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Scotland Travel Blog August 11

If asked to name the prettiest villages in Scotland, Cromarty would certainly be high on our list. Tucked away at the eastern tip of the Black Isle, it is off the mainstream tourist trail and is all the better for this. Your average first time visitor to Scotland will drive straight up the A9 from Edinburgh to Inverness, turn left to head along the A82 to look at Loch Ness and so completely miss the charm of the Black Isle.

The obvious appeal of Cromarty is its narrow winding side streets lined with cute little fishermen’s cottages that often have colourful flower displays. It is generally regarded as the best preserved example of an 18th century town in Scotland.  There is certainly a lot of tangible history in this town and there are lots of interesting features to be discovered... if you have a Secret Scotland guide! Smile.

Orange cottage Cromarty Fisherman's cottage Cromarty

Wandering the streets of 21st century Cromarty, you would never realise that this community of ~700 inhabitants was once a thriving hub of industry and commerce. There are some clues to its more prosperous past and you can find some very grand townhouses amongst the more humble fishermen’s cottages. An interesting story links two of these houses, Bellevue and St Anns. These are both located on Church Street and belonged to two brothers who were wealthy merchants, possibly entrepreneurs in the town’s prosperous 19th century trade in Herring (we don’t know the details).

Cromarty - Bellevue House

The first house that was built was the rather French looking Bellevue. This brother greatly annoyed his sibling by also marrying the girl that he had his heart set on. To get his own back, the other brother then built the surprisingly tall St Anns on the other side of Church Street in a position that would block his brother’s views of the Sutors of Cromarty. The Sutors is the name given to the 2 high promontories that shelter the entrance to the Cromarty Firth.

Cromarty - St Anns House

Also on Church Street is the very photogenic thatched house that was home to Hugh Miller. Now you probably aren’t familiar with the name of Hugh Miller, but he was one of the founding fathers of modern Geology. Like so many of Scotland’s great men, he started from humble beginnings and his first trade was that of a stonemason. It was probably during this first profession that he started to be intrigued by fossils and thus grew his interest in Geology. Hugh rose to be a respected intellectual, but sadly suffered from depression and took his own life in his early fifties. The house is a museum which is preserved to be as close to the state that Hugh would have known during his life.

Cromarty - Hugh Miller's Museum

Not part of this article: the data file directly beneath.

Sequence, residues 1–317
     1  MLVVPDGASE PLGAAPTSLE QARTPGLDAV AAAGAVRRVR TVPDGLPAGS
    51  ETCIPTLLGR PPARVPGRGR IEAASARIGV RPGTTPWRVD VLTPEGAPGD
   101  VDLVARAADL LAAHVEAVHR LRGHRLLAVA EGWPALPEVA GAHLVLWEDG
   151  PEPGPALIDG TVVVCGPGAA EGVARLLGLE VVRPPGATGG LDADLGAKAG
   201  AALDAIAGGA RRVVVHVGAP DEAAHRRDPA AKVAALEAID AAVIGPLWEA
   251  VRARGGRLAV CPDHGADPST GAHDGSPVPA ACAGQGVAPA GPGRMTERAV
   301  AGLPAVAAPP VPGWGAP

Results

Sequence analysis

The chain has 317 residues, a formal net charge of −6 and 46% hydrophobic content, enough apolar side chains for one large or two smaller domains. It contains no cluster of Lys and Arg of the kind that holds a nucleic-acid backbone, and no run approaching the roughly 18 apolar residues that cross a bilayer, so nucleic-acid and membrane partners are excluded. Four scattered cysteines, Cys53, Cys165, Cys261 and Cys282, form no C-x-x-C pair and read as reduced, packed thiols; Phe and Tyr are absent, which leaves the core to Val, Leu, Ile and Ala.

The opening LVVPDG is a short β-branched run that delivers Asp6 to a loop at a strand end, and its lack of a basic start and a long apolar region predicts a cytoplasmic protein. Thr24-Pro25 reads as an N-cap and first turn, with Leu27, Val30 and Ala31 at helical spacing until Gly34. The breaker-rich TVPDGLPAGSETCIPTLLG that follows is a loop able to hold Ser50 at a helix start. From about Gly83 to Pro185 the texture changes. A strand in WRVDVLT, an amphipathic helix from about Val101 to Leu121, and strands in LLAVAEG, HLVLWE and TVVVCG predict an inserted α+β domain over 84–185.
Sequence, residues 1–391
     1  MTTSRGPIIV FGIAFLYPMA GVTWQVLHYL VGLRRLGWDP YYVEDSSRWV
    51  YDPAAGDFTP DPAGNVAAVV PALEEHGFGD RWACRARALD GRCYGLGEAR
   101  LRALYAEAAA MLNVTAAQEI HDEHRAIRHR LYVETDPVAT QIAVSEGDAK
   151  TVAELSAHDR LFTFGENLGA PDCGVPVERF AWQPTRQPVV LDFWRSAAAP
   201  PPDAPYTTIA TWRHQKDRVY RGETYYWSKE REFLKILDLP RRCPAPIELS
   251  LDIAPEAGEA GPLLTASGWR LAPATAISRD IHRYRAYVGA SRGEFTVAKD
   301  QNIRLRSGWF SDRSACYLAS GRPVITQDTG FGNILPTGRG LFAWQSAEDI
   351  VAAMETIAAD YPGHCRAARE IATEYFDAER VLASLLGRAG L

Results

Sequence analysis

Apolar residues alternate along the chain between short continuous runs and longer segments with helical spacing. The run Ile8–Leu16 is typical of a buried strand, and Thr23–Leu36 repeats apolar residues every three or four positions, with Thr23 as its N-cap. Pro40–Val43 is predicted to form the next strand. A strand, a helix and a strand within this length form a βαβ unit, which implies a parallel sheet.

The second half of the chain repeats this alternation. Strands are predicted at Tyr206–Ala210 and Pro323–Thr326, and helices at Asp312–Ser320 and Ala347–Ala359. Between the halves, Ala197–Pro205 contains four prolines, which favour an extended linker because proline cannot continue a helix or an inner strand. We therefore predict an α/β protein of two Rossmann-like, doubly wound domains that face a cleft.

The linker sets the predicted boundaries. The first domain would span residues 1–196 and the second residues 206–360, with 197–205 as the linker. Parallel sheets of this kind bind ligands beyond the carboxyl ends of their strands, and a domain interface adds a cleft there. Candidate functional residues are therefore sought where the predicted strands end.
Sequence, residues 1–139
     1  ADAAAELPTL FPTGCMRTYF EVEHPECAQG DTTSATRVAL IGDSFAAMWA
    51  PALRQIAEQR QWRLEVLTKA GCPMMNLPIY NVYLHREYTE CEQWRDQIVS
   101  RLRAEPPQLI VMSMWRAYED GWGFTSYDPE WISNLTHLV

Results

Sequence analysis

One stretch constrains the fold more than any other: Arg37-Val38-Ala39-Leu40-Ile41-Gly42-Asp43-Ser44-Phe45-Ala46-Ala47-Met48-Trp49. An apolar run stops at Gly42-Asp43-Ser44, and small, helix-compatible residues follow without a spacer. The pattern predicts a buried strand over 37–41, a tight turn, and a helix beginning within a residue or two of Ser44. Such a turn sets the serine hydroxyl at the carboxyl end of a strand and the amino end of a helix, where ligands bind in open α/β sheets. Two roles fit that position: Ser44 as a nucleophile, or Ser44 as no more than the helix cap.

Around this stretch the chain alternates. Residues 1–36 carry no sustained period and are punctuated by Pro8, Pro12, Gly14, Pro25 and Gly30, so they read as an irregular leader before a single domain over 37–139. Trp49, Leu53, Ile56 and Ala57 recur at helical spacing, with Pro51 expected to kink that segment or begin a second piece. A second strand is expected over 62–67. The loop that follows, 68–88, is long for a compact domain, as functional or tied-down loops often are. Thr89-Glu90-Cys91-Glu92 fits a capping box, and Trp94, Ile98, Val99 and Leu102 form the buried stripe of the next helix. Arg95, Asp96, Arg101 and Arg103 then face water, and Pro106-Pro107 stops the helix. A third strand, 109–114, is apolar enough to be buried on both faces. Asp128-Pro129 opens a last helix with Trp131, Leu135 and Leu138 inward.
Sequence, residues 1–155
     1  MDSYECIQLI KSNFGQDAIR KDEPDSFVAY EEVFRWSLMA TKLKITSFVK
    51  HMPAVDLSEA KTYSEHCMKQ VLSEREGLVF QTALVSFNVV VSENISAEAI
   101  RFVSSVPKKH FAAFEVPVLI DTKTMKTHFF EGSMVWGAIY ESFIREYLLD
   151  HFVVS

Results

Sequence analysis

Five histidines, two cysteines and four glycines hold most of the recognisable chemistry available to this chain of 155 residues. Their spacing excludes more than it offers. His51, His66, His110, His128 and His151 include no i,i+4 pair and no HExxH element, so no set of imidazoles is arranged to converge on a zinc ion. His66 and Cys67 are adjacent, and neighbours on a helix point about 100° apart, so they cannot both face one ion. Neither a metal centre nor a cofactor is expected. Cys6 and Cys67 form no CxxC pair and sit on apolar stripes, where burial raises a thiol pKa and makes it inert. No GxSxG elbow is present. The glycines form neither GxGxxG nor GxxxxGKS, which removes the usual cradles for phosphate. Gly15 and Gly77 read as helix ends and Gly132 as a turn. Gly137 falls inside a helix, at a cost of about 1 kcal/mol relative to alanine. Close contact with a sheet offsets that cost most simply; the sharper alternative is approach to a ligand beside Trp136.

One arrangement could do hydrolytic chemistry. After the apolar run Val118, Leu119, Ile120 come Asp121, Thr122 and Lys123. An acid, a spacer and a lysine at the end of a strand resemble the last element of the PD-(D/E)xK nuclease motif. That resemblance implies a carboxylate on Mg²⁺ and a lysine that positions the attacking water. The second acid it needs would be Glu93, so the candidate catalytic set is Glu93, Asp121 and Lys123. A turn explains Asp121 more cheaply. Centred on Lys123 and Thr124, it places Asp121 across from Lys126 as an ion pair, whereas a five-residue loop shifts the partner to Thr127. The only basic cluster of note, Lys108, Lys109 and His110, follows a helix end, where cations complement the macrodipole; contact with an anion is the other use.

At the east end of Church Street you find the East Church… no surprises there then. Well actually, yes, because this is one of the best preserved examples of the austere style of Presbyterian churches that emerged after Scotland’s 16th century religious reformation. The interior has quirky little features such as reserved pews for the wealthier families. Some of these pews still have painted panels that display family coats of arms, or at least that’s what they look like.

Cromarty - East Church Cromarty - East Church interior

The graveyard of this church is also worth exploring as it has some interesting gravestones. Several of the tombstones have been displaced at jaunty angles and it looks like Michael Jackson might suddenly jump out with some funky zombies in support. However, this is not the best graveyard in Cromarty. If you have half an hour to spare, you should walk up the hill, past the bowling club, and then look on your left for the grassy path that leads up to the Pirates’ Graveyard. It isn’t signposted, but you’ll know when you are getting near as the path is just opposite the servants’ tunnel (now disused) that leads up to the secluded Cromarty House.

Cromarty - Servant's Tunnel

The Pirates’ Graveyard isn’t really a burial place for pirates, in fact the correct name is St Regulus’ Graveyard, but almost all the gravestones bear skull and cross bones hence the alternative name. On a sunny day, it is a lovely tranquil spot and the walk takes you past some very fine looking houses on Causeway Road. At night, it probably feels a lot spookier, but we’re not the types to hang around graveyards at night. Another fact about the “Pirate’s graveyard” is that it contains one of the last headstones to be carved by Hugh Miller. Sorry, we didn’t figure out which one it was.

                    Pirate's Graveyard - Headstone Pirate's Graveyard Cromarty Pirate's Graveyard - Tomb

That’s just a wee glimpse at Cromarty. We haven’t even started to mention the Courthouse and Jail Museum, the tiny car ferry to Nigg or the Pirate’s hideout. And if you’re tracing ancestors, you might wish to see the Emigration Stone which commemorates the thousands of Highlanders who departed from Cromarty harbour for the New World. Who knows, Cromarty might have been the last place where your ancestors stood on Scottish soil.

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